Phylogenetics is the study of organism “relatedness.” Attempting to sort plants phylogenetically is similar to you sketching your family tree. It’s often obvious — from looking in the mirror or from studying the diagram — that you are more closely related to a sibling than to a great aunt. But when you get into your relationship to a third cousin vs. a first-cousin-twice-removed, things can get a little fuzzy.


Richard M. Smith, in explaining the arrangement of plants in his book Wildflowers of the Southern Mountains, said:

The first group of families, from the Typhaceae through the Orchidaceae, consists of the monocotyledons, which typically have parallel-veined leaves and 3- or 6-parted flowers.
The remainder, which are the dicotyledons, are characterized by net-veined leaves and mostly 4- or 5-parted flowers.

The Botanical Gardens at Asheville has this to say:

The families are arranged in a standard phylogenetic arrangement, i.e., from “primitive” to “advanced”....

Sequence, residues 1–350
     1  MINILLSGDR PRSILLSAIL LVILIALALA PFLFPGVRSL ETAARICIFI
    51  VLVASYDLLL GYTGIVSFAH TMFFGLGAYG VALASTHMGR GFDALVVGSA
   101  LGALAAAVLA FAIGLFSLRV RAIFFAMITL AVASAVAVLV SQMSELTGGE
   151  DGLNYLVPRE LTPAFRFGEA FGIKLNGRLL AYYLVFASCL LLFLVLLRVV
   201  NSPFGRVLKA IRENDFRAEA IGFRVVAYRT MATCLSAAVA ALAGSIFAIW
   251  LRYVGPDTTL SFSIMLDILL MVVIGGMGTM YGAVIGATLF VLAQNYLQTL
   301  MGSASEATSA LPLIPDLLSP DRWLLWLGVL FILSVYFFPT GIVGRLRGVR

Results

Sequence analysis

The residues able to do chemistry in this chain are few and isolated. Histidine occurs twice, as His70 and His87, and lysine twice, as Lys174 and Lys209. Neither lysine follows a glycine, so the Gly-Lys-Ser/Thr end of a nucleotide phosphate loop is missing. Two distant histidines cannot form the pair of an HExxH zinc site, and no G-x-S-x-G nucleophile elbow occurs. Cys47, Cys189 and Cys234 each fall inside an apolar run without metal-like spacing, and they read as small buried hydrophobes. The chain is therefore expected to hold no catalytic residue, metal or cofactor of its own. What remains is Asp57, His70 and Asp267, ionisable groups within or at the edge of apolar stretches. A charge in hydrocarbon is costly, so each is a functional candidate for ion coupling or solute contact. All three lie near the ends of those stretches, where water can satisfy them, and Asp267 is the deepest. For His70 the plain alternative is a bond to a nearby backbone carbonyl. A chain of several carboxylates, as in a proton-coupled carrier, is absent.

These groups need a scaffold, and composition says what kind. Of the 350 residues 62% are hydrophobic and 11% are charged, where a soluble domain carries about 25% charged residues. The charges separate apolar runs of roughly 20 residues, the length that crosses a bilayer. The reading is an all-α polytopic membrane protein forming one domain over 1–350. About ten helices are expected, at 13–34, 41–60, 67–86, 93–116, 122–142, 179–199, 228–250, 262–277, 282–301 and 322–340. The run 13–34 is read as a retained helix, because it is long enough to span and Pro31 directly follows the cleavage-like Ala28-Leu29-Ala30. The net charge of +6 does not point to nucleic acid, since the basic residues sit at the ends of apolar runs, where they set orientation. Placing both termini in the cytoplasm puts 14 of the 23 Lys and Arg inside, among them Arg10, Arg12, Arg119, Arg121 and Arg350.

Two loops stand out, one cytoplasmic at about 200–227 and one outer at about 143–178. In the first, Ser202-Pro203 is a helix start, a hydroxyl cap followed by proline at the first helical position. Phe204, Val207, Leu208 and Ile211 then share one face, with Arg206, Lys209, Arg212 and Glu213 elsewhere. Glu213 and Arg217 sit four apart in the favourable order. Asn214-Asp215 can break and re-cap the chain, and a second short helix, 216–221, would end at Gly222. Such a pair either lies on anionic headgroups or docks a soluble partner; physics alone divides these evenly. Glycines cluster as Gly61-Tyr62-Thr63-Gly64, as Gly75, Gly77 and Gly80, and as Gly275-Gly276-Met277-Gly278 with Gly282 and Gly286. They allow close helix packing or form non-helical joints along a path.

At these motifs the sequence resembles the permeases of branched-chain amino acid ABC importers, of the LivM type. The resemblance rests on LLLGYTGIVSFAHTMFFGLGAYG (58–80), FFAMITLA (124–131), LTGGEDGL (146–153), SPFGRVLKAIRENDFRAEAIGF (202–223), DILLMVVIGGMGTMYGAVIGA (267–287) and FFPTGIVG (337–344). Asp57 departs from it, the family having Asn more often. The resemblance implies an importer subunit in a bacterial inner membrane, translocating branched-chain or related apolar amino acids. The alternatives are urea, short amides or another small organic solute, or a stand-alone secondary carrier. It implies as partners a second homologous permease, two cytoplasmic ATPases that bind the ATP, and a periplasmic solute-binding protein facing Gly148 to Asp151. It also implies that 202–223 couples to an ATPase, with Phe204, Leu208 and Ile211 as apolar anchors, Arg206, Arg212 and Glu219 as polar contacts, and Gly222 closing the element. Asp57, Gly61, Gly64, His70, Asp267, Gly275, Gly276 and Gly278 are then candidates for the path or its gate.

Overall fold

Ferns, being simple non-flowering plants, are placed first....
The water plantain family (Alismataceae) is considered relatively primitive, while the orchid family (Orchidaceae) is considered the most advanced family of monocots.
Of dicots, the aster family (Asteraceae) is most advanced in its floral characteristics and is placed at the end of the list.


Today’s molecular research is revealing previously unknown relationships, and some traditionally accepted groupings are being rethought: Be on the lookout for terms such as “primitive Angiosperm,” “Magnoliid,” and “Eudicot” to start entering the conversation.

In the meantime, when this website sorts “phylogenetically,” the sort order is based on “index numbers” found in the Manual of the Vascular Flora of the Carolinas, which assigned each plant a number designating its position on the family tree as it was understood in the 1960s.